Jumps delivered a minimal loss -8pts. The Cheltenham Festival, profitably for the second year running, couldn’t make up for an otherwise poor performance over obstacles.

It’s simply not where my strengths are and I don’t have the same tools available as for flat racing. It’s telling on the scoreboard.

On the international front it was yet again a fine year. From a small selection of bets, the highlights were Hawkbill in Dubai and of course for the second year running, finding the Melbourne Cup winner with Cross Counter: +144pts.

January and March 2018 contributed as the most successful months of the year to the profit of 2018. No surprise, as those are major months for the All-Weather.

The summer months were a difficult roller-coaster. August resulted in a -90pts loss, October posting minus 75pts.

Clearly there is a lot to learn from all of that, though:

  1. Despite having more selections in 2018 than the year before I found less winners and posted a smaller ROI, yet a higher profit. 2019 shall be about quality over quantity.
  2. Low grade- and 7 furlong Handicaps on Turf have been a disaster. Keep selections on this type of races to an absolute minimum.
  3. Jumps: Focus on the Cheltenham Festival. Keep money in the pocket otherwise.

One of the major issues developing over the course of 2018 has been the problem of getting on with bookies. This is nothing totally new. Many punters face severe restrictions.

Only over the last two years, though – punting higher sums as confidence in my process is rock solid now, followed up by monetary success – I have started to see my accounts become restricted. Bet365, Sky, VC or Betway – they all market their products prominently but only want mugs to join them (from a business perspective: who can blame them!).

Most firms, big an small, have restricted my accounts to meaningless amounts these days. A certain Geoff Banks – at least he had the guts to engage in a real conversation, mind – accused me of cheating. While all I’m doing is working hard and putting in the effort.

Obviously the majority of my races are lower grade, less liquid markets, mid-week. To get a reasonable stake of something like 100 quid on  to an 8/1 shot is neigh to imposible. And it doesn’t even matter whether you’re winning long term with these firms or not.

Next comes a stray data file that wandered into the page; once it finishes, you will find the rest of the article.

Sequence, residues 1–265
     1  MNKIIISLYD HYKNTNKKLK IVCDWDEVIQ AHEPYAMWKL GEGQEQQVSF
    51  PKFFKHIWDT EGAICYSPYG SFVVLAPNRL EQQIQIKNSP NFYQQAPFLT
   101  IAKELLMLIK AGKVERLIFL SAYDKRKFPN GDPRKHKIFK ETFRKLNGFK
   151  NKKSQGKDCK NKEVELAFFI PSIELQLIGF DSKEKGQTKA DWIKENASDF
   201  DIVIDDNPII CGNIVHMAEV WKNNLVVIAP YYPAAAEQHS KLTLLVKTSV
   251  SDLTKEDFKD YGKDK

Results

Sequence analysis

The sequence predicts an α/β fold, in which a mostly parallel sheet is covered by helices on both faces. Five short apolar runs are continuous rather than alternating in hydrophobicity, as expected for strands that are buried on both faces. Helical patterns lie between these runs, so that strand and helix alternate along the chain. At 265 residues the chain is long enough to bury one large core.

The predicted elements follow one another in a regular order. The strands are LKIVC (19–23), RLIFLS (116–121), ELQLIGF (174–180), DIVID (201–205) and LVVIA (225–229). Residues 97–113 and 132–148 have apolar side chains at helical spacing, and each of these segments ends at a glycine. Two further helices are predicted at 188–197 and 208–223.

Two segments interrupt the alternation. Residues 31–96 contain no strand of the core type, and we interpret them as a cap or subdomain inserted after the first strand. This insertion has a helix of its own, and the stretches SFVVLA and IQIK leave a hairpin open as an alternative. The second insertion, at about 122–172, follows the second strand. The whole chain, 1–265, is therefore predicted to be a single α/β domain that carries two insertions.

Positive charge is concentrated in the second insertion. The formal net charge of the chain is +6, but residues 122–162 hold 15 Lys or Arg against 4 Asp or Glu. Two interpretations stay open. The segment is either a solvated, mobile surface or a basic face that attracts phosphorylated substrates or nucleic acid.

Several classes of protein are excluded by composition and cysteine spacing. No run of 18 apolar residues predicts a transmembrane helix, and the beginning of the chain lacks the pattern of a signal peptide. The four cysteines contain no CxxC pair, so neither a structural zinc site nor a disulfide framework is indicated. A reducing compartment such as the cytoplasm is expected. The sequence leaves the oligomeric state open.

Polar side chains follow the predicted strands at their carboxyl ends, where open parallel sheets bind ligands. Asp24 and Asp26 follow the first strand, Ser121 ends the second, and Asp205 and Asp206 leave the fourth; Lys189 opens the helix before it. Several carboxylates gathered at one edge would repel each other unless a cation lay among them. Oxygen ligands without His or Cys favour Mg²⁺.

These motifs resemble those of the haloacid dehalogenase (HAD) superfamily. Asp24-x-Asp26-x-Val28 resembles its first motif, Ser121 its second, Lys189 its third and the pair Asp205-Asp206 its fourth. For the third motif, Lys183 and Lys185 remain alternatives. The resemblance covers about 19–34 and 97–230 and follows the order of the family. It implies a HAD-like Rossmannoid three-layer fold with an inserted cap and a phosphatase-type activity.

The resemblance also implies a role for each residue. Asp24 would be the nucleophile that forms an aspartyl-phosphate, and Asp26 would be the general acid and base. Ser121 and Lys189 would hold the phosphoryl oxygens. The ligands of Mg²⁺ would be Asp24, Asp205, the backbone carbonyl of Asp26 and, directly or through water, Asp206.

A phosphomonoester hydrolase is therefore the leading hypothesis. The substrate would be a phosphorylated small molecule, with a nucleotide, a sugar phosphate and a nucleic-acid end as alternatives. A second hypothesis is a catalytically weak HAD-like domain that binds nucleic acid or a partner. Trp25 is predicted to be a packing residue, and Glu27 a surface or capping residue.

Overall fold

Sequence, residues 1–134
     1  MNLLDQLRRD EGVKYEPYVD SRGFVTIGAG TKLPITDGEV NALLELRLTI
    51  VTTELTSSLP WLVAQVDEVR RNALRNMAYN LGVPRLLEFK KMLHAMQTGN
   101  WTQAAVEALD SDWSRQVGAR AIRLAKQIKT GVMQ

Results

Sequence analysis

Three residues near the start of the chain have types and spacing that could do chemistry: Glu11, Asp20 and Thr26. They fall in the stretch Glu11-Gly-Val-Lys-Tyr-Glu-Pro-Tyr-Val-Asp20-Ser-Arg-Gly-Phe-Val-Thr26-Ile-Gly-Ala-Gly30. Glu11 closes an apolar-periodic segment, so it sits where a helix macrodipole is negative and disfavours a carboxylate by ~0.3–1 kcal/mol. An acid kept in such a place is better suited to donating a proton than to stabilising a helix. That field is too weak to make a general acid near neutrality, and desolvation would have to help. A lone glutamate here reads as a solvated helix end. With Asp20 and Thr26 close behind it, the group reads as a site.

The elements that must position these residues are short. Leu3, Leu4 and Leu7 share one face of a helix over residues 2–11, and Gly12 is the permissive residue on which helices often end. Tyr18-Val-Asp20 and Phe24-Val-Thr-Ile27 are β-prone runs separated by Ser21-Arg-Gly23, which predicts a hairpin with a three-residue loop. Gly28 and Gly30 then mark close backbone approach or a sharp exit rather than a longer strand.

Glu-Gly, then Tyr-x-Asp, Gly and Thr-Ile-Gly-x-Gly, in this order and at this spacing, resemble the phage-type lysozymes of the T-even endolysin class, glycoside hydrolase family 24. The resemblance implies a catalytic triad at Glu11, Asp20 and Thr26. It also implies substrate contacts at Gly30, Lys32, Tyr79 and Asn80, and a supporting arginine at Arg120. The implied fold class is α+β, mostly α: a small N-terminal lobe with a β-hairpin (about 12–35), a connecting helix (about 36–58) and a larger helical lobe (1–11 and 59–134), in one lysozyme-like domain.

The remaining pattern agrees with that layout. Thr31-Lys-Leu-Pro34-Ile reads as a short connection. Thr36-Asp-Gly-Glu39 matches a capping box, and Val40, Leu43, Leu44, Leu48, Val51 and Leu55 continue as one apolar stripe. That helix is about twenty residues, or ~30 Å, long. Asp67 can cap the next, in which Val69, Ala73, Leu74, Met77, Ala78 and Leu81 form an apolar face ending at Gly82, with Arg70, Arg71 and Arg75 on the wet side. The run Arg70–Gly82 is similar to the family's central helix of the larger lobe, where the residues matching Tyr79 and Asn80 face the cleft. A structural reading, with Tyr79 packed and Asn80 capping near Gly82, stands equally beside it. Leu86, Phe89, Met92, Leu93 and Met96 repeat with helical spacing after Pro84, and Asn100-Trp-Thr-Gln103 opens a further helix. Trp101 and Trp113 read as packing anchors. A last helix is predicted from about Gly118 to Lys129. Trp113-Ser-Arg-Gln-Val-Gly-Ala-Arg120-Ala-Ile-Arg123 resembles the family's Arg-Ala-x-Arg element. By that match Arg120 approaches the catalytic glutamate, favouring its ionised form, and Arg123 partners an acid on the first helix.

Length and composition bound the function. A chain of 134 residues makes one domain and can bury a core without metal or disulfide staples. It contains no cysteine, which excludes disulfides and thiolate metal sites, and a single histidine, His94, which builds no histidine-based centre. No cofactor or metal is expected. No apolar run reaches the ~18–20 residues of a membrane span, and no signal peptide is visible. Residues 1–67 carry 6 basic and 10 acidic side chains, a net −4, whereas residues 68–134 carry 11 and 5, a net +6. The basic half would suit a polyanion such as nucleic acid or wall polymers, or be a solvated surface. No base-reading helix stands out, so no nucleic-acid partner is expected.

Exchanges help, but only to an extend. Betfair has high charges, particularly if you win well over a certain period of time. And markets for my races aren’t always liquid.

I’ve found Matchbook a pretty good substitute, thankfully. The markets are growing. Even though I barely get my full stake on top prices, at least I get my stake on within a range of odds that I still regard as value.

The issue of “getting on” has put me off the idea to potentially increase my flat stake – yes, I do bet with flat stake, because it simply works best for my process, particularly mentally – and considering going full time. The hassle isn’t worth it.

For now it remains a wonderful side income. Tax free. 671.50 points profit and 28.78% return of investment for around 20 hours work a week – that’s pretty decent – no bank gives you that sort of interest on your money. And I do actually enjoy the hours put in as well. A win-win situation.

  • A complete list of all 2018 selections can be found here.

Disclaimer: This website is not a betting service. I do not take responsibility for your losses. This is a betting blog where I write about my selections. If others follow, enjoy the read and get on to a few winners thanks to this blog – great, I’m happy. Please only bet what you can afford to lose!

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Saying that: happy punting in 2019 – and bringing it to an end with my personal favourite victories of 2018:

Betting Review 2017

608.70 points profit. 31.62% ROI. 2017.

It’s been some betting year. A year of hard work. A year of change. Change and work that paid off. A handsome reward, for hours and hours put in day and night.

It was needed. A disastrous end to 2015, and the worst betting year in long memory that was 2016, left me without a choice but to change  my approach to the game. Change it radically, if I wanted to continue to be part of it.

To make this game pay can sometimes feel easy. A big winner in the feature on Saturday. Happy days! Oh so easy. Not.